A Portland resident with a visual disorder suffers from an irregularity in the function of the brain, optic nerve, optic tracts or eyes that causes some loss of visual faculty. As visual disorders can limit a Portland resident’s ability to perform a job, they can qualify the Portland resident for Social Security disability if the right qualifications are met. The general term used to refer to a visual disorder of this nature is statutory blindness.
Statutory blindness is defined in the Social Security Act as visual acuity of 20/200 less with the use of correction. Statutory blindness is determined by the Portland resident’s better eye and always accounts for their best-corrected visual acuity. Additionally, an eye that has a visual angle of 20 degrees or less is considered to qualify as statutory blindness.
To establish statutory blindness, the Social Security Administration must find that a Portland resident’s visual acuity meet the criteria detailed in the Social Security act. In some cases, the cause of one’s blindness must be documented as well. To check for statutory blindness, the SSA uses data from visual acuity testing that was administered using Snellen methodology or another similar testing methodology.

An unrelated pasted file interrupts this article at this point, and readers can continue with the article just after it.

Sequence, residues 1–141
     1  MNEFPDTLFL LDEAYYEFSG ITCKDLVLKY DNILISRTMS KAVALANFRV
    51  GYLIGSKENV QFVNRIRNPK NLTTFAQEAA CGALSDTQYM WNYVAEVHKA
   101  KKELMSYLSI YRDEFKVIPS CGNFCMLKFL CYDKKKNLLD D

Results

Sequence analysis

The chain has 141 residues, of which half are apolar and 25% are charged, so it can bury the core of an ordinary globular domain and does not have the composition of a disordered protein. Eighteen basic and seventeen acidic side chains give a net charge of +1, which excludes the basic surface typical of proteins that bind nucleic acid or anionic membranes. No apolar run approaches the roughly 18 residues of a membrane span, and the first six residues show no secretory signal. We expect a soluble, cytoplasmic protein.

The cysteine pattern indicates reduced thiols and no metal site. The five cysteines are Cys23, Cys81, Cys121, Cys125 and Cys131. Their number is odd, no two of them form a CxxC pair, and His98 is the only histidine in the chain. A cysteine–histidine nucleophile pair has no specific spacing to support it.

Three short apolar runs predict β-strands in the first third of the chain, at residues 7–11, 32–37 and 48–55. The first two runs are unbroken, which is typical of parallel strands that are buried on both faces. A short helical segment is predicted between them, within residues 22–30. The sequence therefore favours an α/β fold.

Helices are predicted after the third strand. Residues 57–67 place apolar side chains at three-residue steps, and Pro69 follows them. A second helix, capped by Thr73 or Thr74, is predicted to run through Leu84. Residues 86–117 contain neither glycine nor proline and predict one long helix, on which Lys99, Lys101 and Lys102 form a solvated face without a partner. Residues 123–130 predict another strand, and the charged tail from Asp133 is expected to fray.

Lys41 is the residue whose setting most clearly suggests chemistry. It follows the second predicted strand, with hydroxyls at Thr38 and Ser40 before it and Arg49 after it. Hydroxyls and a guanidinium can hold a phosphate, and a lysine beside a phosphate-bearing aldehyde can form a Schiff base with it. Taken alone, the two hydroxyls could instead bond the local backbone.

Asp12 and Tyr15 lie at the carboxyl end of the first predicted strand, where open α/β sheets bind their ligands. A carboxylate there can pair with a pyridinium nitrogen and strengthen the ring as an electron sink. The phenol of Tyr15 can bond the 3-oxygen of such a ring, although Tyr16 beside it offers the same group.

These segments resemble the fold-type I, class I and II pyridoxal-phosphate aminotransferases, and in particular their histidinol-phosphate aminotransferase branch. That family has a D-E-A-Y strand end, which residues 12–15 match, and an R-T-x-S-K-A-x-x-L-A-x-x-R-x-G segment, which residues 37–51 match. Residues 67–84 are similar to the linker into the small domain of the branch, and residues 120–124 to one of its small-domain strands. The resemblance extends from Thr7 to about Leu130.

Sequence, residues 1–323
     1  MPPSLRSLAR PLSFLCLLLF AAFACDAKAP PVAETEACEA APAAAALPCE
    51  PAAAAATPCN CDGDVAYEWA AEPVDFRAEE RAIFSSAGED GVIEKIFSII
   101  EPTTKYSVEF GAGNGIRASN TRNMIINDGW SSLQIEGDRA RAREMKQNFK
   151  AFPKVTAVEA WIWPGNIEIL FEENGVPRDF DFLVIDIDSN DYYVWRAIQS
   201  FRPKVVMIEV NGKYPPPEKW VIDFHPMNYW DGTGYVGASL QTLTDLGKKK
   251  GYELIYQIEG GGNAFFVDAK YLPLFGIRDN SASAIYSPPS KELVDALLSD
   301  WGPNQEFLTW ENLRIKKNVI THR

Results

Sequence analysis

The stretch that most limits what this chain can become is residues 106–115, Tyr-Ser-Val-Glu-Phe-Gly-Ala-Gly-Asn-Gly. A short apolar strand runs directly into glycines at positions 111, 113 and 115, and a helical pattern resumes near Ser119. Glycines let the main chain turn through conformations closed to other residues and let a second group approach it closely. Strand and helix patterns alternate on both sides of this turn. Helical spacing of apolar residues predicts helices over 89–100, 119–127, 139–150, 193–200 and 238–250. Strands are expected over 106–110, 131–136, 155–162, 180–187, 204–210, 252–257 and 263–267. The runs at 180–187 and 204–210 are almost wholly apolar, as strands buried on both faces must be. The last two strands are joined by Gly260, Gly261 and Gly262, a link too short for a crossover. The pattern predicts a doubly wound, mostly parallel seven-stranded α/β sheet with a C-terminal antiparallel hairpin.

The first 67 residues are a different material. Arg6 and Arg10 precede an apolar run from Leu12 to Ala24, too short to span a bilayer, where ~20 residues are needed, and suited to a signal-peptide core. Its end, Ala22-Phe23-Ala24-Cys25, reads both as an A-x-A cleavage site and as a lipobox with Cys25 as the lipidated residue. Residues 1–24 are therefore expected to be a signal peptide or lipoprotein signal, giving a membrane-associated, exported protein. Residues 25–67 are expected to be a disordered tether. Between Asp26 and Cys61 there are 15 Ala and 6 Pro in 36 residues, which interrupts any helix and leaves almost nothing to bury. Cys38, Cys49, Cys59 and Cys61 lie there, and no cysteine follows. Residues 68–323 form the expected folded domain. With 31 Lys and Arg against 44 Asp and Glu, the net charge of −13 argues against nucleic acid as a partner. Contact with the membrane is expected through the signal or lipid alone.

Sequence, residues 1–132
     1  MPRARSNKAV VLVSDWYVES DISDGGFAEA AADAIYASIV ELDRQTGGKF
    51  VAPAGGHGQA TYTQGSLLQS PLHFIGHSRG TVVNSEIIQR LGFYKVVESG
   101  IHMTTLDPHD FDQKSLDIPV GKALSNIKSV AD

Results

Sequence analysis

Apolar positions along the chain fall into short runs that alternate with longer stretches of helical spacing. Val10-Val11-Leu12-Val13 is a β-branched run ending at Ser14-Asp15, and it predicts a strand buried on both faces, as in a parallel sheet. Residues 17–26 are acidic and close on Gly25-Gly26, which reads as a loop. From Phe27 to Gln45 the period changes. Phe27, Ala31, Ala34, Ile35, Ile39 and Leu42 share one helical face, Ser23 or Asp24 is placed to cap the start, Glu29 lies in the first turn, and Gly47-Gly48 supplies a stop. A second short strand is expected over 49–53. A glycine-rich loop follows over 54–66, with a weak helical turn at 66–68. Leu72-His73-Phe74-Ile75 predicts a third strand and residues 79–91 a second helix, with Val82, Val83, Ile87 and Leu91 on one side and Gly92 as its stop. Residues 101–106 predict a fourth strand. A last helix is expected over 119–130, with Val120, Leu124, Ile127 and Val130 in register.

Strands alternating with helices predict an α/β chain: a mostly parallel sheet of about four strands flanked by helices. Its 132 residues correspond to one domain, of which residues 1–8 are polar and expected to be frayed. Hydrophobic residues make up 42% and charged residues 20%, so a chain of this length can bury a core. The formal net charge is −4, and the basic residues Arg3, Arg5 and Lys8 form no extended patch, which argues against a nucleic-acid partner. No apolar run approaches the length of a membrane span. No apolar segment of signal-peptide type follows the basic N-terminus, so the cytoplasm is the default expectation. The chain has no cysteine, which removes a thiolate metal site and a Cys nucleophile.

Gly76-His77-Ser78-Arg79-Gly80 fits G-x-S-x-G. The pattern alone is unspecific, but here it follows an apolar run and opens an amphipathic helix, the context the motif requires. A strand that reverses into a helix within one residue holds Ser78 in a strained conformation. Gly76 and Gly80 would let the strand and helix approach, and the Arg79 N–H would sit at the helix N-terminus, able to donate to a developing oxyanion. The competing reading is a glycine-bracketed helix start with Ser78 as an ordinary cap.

In some cases, a Portland resident may not meet the criteria for statutory blindness as listed in the Social Security Act. For instance, a Portland resident with blepharospasm, a movement disorder that causes one’s eyes to repeatedly close involuntarily, may not have a low enough visual acuity to be considered statutorily blind. If therapy for such a condition is not successful, the SSA will consider how the condition’s effects might affect long-term visual function to determine if the individual in question qualifies for disability benefits.
Source: Social Security Online, “Disability Evaluation Under Social Security – 2.00 SPECIAL SENSES AND SPEECH – Adult.”